The subject of human-caused climate change continues to spark fierce debate. While most scientists affirm that climate change is real and that humans must act to fight it, a significant number of Americans continue to push back.
And yet, wherever you might fall on the political spectrum, most Wisconsinites can agree that the outdoors are integral to who we are. This deeply held love of the outdoors—from hunting and fishing to birding and hiking—can open opportunities for honest, compassionate conversation around contentious issues.
Joey Heinrichs, Foundation member and donor, operates an energy-efficient HVAC company in New Berlin, Wisconsin. He grew up on a farm in Franklin and has always loved the outdoors. But Joey hasn’t always been a conservationist.
Like many Wisconsinites, there was a time when Joey believed the environmental movement to be at odds with business and personal-property rights. Admittedly influenced by conservative talk shows, Joey says, “I suppose any alarmist could be a scapegoat for my earlier beliefs. Of course, the real issue was my unwillingness to question and learn.”
Questioning popular rhetoric
As an undergraduate student at Carthage College, Joey had the opportunity to go to Costa Rica for a short-term study focused on ecology. There he listened to discussions of human impacts on the environment from his professors and classmates, as well as biologists.
Initially Joey clung to the rhetoric he’d learned previously. “I reminded myself the environmentalists were wrong, they aimed to hurt business,” Joey said. But then he began to ask himself, “What harm will come if I am wrong?”
When Joey returned to Carthage College, he switched his major to environmental science. He began reading Aldo Leopold and soon became deeply connected to the cause.
Today, Joey integrates green practices into both his personal and professional life. He has been operating Heinrichs Home Comfort in New Berlin — a residential HVAC company — since 2002. Joey’s commitment to conservation means that his business operates with a lower profit margin installing super energy efficient HVAC equipment to promote energy conservation.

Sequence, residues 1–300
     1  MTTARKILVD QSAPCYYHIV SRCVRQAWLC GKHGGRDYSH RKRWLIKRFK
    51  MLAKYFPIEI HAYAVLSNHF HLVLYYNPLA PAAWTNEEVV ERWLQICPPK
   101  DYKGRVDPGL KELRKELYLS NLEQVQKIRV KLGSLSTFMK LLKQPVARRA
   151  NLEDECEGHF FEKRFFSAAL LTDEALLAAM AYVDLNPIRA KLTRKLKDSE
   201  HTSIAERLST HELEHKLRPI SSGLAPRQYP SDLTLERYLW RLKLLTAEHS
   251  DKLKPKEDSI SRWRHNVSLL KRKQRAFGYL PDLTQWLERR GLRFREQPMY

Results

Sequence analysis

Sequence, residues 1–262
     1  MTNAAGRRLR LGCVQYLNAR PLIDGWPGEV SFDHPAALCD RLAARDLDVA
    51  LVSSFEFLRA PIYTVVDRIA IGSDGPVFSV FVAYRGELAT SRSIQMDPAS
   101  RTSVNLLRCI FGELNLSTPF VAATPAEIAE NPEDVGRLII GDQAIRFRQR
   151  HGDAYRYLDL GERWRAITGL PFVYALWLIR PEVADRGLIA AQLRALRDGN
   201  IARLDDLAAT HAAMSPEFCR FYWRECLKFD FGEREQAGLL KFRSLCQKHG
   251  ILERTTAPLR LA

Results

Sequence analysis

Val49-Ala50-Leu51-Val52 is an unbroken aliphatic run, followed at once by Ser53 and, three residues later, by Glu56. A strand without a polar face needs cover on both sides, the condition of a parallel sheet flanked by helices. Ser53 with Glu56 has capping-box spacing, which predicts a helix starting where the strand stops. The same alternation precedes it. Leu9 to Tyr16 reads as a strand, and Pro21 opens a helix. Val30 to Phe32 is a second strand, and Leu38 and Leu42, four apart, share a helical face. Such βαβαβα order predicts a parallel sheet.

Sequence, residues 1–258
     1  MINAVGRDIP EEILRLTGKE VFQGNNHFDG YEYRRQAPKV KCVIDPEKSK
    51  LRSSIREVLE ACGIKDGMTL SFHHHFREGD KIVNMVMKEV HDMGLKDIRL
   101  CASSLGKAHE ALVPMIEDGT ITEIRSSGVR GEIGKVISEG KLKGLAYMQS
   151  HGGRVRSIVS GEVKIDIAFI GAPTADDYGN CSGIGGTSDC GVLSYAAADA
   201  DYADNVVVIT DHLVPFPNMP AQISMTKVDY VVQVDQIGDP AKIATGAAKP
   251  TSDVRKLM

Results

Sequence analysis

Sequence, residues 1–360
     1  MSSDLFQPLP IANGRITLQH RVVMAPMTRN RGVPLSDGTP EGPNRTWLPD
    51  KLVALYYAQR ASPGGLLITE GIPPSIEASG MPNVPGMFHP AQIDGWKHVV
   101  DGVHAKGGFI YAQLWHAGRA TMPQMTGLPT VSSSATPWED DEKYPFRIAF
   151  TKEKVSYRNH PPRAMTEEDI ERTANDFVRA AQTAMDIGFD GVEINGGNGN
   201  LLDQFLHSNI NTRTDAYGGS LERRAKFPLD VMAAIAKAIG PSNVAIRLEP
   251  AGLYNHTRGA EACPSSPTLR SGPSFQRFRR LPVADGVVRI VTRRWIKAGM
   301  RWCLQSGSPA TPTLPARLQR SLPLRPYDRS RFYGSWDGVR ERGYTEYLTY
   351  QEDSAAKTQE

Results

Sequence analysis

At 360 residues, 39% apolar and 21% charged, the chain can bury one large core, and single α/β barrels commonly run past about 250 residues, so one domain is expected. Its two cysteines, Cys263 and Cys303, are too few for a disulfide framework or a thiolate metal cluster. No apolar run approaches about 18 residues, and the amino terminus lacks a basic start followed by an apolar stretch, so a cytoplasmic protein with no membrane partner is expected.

His family shares a lawn with many critters Joey formerly believed were “enemies of the farm,” like groundhogs, mink, and opossum. An avid birder, Joey contributes to eBird, with his yard bird species count at about 100. Last summer, he completed the Wisconsin Master Naturalist Program and will be participating in various workdays at different state natural areas this year.
Helping others understand conservation
Many people seem to think their backyards are representative of the globe, so Joey likes to debunk misconceptions about global warming by explaining the difference between climate and weather. He suggests speaking to climate change deniers with an empathetic tone.
“Ultimately, my goal in talking to a denier or uninterested individual is to learn what they care about,” Joey said. “If I succeed at this, it becomes my responsibility to offer examples of why conservation matters to them.”
Blog contributed by Hibah Ansari.
Heinrichs Home Comfort supports the Natural Resources Foundation of Wisconsin.